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How to Open an Art Gallery
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Have you dreamed of opening your own gallery space for years? Now's your chance! With the guide below, you can establish your own creative space and grow your creative community on your own terms.

Study the market
It may be true that art is your passion. Yet, it's simultaneously true that opening an art gallery is not only your opportunity to take action on that passion but the beginning of a business.
This said, you'll need to put in the time to research the market. Get to know your target audience in the area you're considering for your gallery.
What is the demand? What are the price points your clients and customers are willing to accept for submissions, entry, and purchasing prints (in official business terms, their "willingness to buy" or WTB)?
This may entail conducting surveys engaging artists and art enthusiasts to give you a sense of what people feel in your locale. Additionally, you should take some time to get to know the city and determine where established art galleries are, if any.
If there are existing galleries in town, consider what yours may bring to the table. Will your exhibitions offer a new cultural perspective that the others don't provide? Or is the market too saturated in that location, perhaps necessitating your reconsideration of the desired site?
Lastly, you'll have to consider the commercial real estate market dynamics, too. Decide whether you prefer to buy or rent the gallery space and shop around for prices. (Your gallery won't be profitable if you can't afford the monthly rent!)
Just make sure you don't choose a space that's too far from your target audience. Look for a good balance between a bargain rental and one that is near or in the heart of your prospective customers' geographic location.

Setting up a temporary art gallery space
Not everyone wants to open up a permanent establishment. Sometimes, a temporary exhibition is more appropriate for your style and goals. If this is the case for you, it's best to look for gallery spaces that you can rent short-term.
This can also be an excellent course of action for those who are unsure of the specific type of gallery space they want long-term. Short-term rentals are also great for providing opportunities to fundraise for a permanent space in the future.
If you choose to go this route, make sure to select a space that makes a lasting impression on collectors.
It's best to choose a venue with an open floor plan, so purveyors and artists can walk freely among the pieces. Spaces with Art Deco and Bohemian interior décor are very popular for this purpose. Industrial warehouses are an excellent choice for larger events.

Lay out a business plan
Again, your art gallery is a business, and you must treat it as such. Opening up a gallery space is an investment, one that you must be sure will pay off. Otherwise, your exhibition will not be viable.
The first thing you'll need to determine when putting together your business plan is how exactly you're going to make money. Of course, the most straightforward way is to sell prints. This is why so many gallery owners emphasize the establishment of a loyal customer base ASAP.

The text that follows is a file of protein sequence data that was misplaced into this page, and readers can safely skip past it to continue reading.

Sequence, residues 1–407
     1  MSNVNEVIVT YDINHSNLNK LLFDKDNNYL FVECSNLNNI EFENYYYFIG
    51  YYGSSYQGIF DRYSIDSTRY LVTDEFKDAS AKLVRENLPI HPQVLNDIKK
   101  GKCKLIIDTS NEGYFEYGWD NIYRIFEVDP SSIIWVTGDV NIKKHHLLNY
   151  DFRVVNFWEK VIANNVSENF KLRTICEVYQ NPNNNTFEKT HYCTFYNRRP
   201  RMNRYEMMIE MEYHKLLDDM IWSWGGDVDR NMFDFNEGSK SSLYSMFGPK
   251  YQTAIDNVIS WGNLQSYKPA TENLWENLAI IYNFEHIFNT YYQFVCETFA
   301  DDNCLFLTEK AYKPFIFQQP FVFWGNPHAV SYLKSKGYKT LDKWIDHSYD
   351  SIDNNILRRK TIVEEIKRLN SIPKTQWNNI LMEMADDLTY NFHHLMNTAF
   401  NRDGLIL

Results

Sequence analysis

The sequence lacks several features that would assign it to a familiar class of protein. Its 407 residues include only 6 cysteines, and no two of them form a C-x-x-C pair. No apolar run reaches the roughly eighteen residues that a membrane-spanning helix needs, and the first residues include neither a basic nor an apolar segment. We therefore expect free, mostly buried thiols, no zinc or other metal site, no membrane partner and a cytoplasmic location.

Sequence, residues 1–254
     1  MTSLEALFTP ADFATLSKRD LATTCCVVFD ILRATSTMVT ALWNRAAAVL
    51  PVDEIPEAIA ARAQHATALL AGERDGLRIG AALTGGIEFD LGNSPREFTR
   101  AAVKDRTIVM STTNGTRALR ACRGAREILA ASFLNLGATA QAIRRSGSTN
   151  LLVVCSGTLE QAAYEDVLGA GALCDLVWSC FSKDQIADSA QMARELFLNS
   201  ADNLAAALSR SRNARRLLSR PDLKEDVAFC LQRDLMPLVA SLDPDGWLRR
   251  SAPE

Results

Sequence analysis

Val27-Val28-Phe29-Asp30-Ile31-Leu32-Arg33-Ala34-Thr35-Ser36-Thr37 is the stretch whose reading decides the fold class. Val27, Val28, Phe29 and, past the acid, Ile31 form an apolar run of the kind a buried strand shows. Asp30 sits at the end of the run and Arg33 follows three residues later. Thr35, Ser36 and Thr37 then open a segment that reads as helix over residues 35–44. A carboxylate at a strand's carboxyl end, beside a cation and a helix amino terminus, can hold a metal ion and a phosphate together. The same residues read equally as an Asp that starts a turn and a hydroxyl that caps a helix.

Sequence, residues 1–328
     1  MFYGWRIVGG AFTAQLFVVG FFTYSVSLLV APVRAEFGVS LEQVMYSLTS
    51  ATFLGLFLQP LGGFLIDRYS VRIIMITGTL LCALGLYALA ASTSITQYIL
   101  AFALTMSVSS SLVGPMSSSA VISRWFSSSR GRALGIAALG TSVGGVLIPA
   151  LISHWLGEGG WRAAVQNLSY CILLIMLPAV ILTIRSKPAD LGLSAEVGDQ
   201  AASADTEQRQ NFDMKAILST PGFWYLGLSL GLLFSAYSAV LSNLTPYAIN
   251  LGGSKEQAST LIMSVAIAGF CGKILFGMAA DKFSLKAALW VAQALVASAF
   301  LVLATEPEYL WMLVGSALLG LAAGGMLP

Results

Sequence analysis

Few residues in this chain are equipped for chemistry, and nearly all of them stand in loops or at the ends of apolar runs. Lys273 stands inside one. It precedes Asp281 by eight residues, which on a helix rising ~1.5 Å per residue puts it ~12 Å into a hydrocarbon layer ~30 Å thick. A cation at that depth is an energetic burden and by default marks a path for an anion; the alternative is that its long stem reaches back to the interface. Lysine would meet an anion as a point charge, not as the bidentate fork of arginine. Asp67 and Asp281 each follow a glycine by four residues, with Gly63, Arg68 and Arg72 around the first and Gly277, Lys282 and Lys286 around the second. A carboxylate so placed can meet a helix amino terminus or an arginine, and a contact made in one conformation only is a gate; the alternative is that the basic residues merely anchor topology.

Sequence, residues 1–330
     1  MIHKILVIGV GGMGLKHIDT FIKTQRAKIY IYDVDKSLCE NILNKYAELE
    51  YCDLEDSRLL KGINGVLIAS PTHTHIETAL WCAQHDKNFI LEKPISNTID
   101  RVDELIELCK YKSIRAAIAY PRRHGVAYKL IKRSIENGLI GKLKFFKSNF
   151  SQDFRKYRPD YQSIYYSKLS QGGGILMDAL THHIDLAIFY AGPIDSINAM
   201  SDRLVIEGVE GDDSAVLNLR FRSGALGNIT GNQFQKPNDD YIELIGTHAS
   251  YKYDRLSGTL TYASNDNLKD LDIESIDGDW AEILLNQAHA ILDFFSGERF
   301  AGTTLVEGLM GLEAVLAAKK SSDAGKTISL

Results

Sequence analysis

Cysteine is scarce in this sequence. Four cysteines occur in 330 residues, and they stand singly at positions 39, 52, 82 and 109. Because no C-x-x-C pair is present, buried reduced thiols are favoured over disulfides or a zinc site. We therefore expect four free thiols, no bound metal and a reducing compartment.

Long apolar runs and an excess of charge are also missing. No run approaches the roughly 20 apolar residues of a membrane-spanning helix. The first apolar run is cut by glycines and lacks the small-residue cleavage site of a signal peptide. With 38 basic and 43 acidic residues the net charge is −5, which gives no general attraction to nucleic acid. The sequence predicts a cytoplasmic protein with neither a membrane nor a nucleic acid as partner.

In this industry, you need loyal repeat buyers. They are the lifeblood of your business. This doesn't mean that you should ignore everyone else.
However, the more you cater to your core consumers, the more rapidly word will spread about the gallery's quality and your passion for your work.
Plus, as your business grows by selling and attracting active buyers, more artists will be interested in displaying their work at your venue. All this will ultimately work to grow your influence and network in your community.
Another way to make money in an art gallery space is by hosting exhibition events and selling tickets.
The only catch is that this type of business venture is best left until you've established some authority and trust in your community.
That way, visitors and artists can be confident that they'll have a positive experience or get some sort of return when buying access to the event, either for viewing or displaying their work.
In all you do, make sure you stick to a solid theme. Casual and experienced collectors alike can easily become distracted and confused if there are too many aesthetics present in a single gallery. Find your style and maintain it — this will making establishing your niche much easier.

Plan for opening night
Now that you've got all the major details worked out, it's time to open your gallery! By this time, you should have worked out the overhead costs of renting the space. Yet, you may not have acquired your permits quite yet.
So, before you open your doors and officially commence business, make sure to check your state's requirements for legal operation. Most states will require you to have a seller's permit in order to collect the taxes from the sales of your goods and services.
Check the U.S. Small Business Administration website to verify whether you've got the right documentation leading up to the opening night.
Remember that you can't collect any payments without a business account. Open up a bank account or credit card for your gallery and secure insurance to set your operations in motion. Then you can relax and start focusing on the fun stuff, like the venue.
If you've chosen to set up a temporary gallery instead, some of the best venues for a gallery space in Los Angeles include:
● The Lazarus Experience
● voila! Creative Studio

Open your dream gallery
Opening an art gallery space is hard work. Yet, with proper planning, you can welcome new artists and collectors without a worry.
Use this guide to lay out your gallery's logistics and select the perfect venue to display priceless artwork and network with fellow creatives.

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